Presupposing a difference between the two was popular towards the beginning of the 20th century. Most modern scholars, however, conclude there is no difference. A simple parallel study of the New Testament usage shows why.
- Matthew was written to the Hebrews and refers mainly to to the 'Kingdom of Heaven' (with the exceptions of Matthew 6:33; 12:28; 19:14,24; 21:31,43).
- The rest of the New Testament only ever uses the term 'Kingdom of God'.
- When the Gospel accounts are viewed in Parallel, in the places where Matthew uses the term 'Kingdom of Heaven', the Luke uses the 'Kingdom of God'.
As Jesus likely spoke in a language other than the Greek the writers of the Gospels used, the Holy Spirit inspired each writer to translate whatever language Jesus used into these respective phrases. Hence, there is also no contradiction, because the exact language Jesus spoke is not represented.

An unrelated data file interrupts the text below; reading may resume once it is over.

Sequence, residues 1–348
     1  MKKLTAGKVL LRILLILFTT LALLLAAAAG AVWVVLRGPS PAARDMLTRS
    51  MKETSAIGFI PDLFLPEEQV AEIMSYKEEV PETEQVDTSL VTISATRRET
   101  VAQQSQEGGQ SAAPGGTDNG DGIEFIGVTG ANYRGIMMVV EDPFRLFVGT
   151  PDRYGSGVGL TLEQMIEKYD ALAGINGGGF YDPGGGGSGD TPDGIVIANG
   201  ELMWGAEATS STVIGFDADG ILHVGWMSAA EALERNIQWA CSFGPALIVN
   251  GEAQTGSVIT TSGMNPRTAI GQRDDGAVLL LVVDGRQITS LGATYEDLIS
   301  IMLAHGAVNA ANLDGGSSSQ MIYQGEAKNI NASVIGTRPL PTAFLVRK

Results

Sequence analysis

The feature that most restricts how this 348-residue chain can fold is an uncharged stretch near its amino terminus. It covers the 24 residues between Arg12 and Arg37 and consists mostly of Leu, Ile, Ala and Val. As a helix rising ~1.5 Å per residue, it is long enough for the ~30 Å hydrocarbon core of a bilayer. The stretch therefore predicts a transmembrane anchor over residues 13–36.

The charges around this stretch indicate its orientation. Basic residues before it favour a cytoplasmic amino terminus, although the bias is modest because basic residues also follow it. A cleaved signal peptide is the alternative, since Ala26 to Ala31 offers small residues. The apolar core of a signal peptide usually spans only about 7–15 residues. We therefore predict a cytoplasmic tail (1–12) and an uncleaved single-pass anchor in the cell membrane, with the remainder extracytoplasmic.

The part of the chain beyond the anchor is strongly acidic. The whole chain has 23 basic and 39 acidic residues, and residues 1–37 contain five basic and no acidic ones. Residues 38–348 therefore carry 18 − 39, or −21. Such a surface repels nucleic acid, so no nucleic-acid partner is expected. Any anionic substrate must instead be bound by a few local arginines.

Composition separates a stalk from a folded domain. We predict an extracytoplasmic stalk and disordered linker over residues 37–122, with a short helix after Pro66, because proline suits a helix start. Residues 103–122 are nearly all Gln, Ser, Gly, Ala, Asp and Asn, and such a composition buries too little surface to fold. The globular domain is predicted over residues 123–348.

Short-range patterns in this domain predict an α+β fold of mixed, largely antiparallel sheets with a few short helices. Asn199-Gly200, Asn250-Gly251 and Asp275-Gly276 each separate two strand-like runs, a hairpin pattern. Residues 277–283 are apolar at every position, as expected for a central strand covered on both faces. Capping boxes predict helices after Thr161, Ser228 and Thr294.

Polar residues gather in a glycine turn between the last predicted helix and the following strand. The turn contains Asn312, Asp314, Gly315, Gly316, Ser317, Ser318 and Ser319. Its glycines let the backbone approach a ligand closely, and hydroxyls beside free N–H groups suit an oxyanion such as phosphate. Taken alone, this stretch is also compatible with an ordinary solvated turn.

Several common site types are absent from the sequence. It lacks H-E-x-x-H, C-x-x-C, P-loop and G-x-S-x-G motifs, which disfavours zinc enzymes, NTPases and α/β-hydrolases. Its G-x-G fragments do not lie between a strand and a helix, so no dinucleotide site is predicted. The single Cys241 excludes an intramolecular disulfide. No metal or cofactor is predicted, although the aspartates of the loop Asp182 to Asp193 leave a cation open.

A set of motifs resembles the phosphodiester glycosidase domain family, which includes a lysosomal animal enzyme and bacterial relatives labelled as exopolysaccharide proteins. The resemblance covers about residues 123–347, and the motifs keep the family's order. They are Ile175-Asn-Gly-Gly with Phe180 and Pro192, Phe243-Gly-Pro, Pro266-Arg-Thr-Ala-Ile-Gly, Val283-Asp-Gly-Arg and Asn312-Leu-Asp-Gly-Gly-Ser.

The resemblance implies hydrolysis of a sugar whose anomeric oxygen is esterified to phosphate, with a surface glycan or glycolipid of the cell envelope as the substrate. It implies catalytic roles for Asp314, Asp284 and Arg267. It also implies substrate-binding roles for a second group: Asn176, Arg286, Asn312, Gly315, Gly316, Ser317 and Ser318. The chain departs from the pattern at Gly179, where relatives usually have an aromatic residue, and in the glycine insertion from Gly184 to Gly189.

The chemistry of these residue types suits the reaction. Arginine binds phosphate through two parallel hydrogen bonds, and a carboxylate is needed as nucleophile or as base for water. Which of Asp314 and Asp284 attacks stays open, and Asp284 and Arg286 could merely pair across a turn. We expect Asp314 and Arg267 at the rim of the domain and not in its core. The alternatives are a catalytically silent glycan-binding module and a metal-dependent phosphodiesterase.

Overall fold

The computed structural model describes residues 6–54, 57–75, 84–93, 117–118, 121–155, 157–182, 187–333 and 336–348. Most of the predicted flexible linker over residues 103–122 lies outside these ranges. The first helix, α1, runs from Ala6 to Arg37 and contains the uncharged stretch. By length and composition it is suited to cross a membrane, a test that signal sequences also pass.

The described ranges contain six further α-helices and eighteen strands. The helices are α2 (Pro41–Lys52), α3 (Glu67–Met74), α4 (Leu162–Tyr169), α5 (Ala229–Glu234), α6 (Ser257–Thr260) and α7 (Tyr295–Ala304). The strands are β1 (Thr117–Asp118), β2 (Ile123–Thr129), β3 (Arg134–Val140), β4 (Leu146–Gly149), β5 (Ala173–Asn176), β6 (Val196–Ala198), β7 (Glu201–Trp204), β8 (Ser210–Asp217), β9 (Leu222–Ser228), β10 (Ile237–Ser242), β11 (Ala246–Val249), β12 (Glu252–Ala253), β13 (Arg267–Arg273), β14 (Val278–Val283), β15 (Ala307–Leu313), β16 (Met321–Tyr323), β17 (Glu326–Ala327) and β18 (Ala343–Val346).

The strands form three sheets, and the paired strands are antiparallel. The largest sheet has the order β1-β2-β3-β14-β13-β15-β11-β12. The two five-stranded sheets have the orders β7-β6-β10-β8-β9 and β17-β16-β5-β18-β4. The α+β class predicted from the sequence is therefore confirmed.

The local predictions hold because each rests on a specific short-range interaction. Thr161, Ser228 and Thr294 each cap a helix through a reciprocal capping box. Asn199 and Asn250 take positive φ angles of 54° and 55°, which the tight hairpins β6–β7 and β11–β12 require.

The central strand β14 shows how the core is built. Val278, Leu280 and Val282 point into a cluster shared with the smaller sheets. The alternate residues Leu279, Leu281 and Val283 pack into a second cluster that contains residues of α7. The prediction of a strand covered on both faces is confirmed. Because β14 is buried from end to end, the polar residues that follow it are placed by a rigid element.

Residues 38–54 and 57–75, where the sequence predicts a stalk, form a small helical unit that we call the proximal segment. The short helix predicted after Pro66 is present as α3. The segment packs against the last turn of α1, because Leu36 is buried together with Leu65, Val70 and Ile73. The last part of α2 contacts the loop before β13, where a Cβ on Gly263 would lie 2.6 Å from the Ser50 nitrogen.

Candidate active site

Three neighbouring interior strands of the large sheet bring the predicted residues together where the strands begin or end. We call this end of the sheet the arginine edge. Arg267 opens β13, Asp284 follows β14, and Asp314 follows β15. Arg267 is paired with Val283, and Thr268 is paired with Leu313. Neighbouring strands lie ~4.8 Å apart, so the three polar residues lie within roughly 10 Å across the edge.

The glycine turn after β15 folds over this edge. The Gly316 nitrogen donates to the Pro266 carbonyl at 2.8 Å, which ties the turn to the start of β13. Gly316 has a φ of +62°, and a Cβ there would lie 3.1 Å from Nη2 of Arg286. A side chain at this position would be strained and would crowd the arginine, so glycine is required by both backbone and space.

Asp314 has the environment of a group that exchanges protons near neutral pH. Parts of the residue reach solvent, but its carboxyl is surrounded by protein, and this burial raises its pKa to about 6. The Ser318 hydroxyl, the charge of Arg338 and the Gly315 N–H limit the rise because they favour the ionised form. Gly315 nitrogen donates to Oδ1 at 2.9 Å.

See also the answers to the same question at BH.SE.
George E Ladd was a prominent theologian who wrote on the topic of the Kingdom of God. In his notable work, "The Presence of the Kingdom", he laid out what many have come to call the 'already but not yet' approach to understanding the concept of the Kingdom of God.
In a footnote #11 in chapter 4, he writes,
No difference of meaning is to be seen between "kingdom of God" and "kingdom of heaven" (Greek: the kingdomofthe heavens) although the latter may place somewhat more emphasis on the trancendental source and character of the Kingdom. It is the Kingdom which comes from heaven and enters this world (H. D. Wendland, Eschatologie , p. 15). The difference of expression is linguistic, reflectingthe Semitic and Greek elements in the Gospel tradition. "The Kingdom of the heavens" a is Semitic idiom which would be meaningless to the Greek ear. Matthew alone has the Semitic idiom (34 times) except for some manuscript tradition in John 3:4. "Kingdom of God" is found everywhere in Mark and Luke as well as in Matthew 12:28, 19:24 (?); 21:31, 43. Probably Jesus favored the semitic form of the expression, thus following the usual rabbinic form.
GE Ladd, The Presence of the Future, Revised Edition, p 110.